Financial support for those affected by bushfires

The last few months have seen tragic loss of lives, properties and wildlife. If you have been affected, here are some resources that may help ease some of your financial worries:

  • The ATO’s bushfire support page offers impacted parties a range of tax assistance including:
    • extra time to pay debts or lodge tax forms
    • help finding lost tax file numbers
    • re-issuing income tax returns, activity statements and notices of assessment
    • help re-constructing lost tax records
    • fast tracking refunds owed
    • payment plans tailored to your circumstances
    • remittance of penalties or interest charged during the time you have been affected
    • lodgment and payment deferrals
    • you can also call their Emergency Support Infoline on 1800 806 218.
  • Australian banks are also ready to help those affected by the fires.
    Read more from the Australian Banking Association  or contact your bank directly to access disaster assistance such as:

    • deferral of scheduled loan repayments
    • waiving of fees and charges
    • debt consolidation
    • restructuring existing loans without incurring fees
    • deferring interest payments
    • additional finance to help cover cash flow shortages
    • deferring credit card payments
    • increasing emergency credit card limits.
  • Financial assistance is available from the Federal Government including the Disaster Recovery Allowance.

Tax office to crack down on luxury items owned by the rich

At the end of last year the ATO began cracking down on tax dodgers by demanding information from 30 insurance companies about their wealthy customers during the past five years.

Insurers were instructed to provide policy information on assets that met these thresholds:

  • Aircraft: $150,000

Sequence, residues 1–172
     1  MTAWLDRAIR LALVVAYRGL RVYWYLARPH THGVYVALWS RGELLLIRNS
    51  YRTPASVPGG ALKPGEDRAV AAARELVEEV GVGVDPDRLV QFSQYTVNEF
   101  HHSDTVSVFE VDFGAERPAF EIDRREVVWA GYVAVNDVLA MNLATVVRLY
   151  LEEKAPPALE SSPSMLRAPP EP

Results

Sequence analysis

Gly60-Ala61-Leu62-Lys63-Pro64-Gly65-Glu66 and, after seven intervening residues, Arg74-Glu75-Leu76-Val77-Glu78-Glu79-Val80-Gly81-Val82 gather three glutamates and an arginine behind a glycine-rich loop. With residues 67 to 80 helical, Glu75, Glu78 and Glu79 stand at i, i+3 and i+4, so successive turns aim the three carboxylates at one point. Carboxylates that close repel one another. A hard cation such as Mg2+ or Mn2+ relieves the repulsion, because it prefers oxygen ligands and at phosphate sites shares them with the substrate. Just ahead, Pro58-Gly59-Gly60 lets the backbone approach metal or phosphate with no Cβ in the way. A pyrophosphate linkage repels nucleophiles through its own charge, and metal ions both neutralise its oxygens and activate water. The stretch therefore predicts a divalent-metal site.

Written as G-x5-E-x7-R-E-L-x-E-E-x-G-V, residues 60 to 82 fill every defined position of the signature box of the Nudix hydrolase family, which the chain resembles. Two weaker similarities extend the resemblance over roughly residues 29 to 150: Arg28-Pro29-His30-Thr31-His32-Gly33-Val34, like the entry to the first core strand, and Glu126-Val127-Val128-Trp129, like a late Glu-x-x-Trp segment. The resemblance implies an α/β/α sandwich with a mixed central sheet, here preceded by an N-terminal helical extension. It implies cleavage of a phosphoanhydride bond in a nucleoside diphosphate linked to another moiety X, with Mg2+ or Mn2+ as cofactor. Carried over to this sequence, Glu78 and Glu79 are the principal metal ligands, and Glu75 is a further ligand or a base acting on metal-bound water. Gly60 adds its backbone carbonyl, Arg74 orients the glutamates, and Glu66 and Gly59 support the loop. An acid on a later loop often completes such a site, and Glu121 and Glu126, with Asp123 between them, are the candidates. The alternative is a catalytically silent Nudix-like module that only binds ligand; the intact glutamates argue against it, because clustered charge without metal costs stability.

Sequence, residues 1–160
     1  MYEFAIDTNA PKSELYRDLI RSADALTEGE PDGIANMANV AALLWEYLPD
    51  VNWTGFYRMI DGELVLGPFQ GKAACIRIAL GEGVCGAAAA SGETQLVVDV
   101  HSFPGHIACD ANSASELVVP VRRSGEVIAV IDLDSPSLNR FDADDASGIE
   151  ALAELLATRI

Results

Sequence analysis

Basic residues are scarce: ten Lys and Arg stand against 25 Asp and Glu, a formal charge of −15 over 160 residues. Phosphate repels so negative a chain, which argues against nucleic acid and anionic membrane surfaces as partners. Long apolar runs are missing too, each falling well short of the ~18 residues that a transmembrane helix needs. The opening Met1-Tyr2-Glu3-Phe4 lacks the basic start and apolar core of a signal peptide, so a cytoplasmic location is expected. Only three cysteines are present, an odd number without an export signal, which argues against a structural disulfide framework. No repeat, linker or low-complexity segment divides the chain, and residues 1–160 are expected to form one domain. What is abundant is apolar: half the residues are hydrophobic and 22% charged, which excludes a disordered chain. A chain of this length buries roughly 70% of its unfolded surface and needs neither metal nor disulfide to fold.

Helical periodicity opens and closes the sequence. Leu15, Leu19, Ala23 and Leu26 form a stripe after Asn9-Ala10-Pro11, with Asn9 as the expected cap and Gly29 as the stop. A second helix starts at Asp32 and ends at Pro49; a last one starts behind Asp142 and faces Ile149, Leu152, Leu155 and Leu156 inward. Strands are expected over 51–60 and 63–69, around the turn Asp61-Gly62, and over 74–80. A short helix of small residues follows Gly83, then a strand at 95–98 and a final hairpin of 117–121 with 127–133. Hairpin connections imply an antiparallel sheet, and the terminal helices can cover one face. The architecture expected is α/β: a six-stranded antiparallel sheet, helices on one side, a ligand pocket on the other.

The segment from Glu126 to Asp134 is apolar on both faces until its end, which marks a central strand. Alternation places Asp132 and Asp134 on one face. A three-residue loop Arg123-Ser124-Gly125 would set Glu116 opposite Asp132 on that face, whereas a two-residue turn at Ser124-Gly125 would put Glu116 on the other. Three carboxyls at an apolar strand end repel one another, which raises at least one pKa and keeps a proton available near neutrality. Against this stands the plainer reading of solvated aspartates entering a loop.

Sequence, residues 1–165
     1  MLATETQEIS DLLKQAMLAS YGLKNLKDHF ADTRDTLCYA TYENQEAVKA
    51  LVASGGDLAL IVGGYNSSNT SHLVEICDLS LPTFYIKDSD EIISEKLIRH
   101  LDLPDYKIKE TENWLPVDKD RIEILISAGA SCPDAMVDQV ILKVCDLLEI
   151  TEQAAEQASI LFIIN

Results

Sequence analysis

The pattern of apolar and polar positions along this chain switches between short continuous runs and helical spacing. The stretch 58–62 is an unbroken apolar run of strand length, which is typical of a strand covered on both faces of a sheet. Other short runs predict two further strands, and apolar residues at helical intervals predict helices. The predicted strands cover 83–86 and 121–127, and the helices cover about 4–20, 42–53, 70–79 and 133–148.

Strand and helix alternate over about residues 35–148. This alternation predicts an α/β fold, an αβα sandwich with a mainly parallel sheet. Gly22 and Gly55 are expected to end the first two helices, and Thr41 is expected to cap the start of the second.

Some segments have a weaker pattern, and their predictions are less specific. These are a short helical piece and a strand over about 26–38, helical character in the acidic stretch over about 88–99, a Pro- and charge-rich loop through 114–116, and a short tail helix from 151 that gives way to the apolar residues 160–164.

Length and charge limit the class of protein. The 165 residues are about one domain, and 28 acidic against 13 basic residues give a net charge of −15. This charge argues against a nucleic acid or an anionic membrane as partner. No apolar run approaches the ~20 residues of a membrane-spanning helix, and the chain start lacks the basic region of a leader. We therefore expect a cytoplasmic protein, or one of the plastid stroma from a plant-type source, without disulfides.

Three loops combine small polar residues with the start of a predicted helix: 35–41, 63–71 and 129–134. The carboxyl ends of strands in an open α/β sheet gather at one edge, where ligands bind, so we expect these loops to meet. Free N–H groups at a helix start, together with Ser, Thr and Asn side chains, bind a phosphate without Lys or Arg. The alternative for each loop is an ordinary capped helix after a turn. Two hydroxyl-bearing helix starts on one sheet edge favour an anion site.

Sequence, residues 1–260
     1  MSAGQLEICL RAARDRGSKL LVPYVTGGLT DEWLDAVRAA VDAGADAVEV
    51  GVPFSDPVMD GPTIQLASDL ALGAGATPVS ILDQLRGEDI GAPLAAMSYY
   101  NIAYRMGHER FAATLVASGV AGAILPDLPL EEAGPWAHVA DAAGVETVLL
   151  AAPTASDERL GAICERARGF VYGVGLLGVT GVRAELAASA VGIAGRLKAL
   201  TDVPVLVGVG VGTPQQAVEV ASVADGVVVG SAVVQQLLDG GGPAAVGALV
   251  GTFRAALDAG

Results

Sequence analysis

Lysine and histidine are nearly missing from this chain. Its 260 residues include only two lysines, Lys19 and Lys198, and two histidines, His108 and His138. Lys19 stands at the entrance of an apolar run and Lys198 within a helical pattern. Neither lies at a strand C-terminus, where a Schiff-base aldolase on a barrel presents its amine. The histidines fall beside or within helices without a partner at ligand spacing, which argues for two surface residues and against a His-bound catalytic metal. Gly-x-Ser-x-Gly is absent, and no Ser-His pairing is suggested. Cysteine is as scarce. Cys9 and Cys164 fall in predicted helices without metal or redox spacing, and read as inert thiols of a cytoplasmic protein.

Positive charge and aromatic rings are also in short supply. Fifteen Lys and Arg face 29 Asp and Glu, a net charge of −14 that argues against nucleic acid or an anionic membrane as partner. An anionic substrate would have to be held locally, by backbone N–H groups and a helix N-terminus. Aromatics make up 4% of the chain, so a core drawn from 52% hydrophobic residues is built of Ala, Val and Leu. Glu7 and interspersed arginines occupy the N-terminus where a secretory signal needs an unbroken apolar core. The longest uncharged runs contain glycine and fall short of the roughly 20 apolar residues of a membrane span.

• Marine vessels: $100,000
  • Fine art: $100,000 per item
  • Motor vehicles: $65,000
  • Thoroughbred horses: $65,000

“If a taxpayer is reporting a taxable income of $70,000 to us but we know they own a $3m yacht then this is likely to raise some red flags,” ATO deputy commissioner Deborah Jenkins, said.

The tax office is targeting 350,000 taxpayers, with particular attention on high net worth taxpayers who had not declared capital gains on certain assets, such as paintings and sculptures.

The information provided will also help expose people who claimed GST on assets that were used for personal purposes or bought expensive items through their self-managed super funds under the pretence of an investment.

Only assets owned since July 2015 will be traced, as the ATO already has data on the two previous financial years.
Anyone who suspects they have not complied with their tax or superannuation obligations will likely receive reduced penalties if they proactively bring their situation to the attention of the ATO.

Superannuation and payroll changes to watch out for in 2020

The new year brings with it a raft of payroll changes, many aimed at reducing wage theft and non-compliance with awards.There are also several changes to superannuation to ensure fairer outcomes for employees.

Paying super on gross rate of pay